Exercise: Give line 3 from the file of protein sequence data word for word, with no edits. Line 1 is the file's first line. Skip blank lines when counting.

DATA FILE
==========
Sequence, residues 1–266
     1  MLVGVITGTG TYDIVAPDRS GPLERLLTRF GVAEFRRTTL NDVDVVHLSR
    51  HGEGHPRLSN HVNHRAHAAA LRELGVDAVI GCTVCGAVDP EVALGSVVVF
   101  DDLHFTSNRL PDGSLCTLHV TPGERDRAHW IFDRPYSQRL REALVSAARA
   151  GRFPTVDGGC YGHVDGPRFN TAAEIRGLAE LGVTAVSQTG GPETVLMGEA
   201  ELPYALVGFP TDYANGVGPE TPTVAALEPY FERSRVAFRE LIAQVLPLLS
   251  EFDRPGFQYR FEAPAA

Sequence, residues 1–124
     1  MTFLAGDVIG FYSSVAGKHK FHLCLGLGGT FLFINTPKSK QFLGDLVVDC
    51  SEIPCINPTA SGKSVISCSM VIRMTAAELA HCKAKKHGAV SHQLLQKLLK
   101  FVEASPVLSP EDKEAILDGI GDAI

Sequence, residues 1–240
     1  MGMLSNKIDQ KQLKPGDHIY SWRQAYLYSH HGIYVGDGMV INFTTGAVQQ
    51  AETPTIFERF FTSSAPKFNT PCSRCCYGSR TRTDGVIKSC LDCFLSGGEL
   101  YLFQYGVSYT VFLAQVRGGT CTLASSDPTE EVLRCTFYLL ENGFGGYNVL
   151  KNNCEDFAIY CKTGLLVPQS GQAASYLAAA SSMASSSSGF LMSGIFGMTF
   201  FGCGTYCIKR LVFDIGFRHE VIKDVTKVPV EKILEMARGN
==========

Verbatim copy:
    51  HGEGHPRLSN HVNHRAHAAA LRELGVDAVI GCTVCGAVDP EVALGSVVVF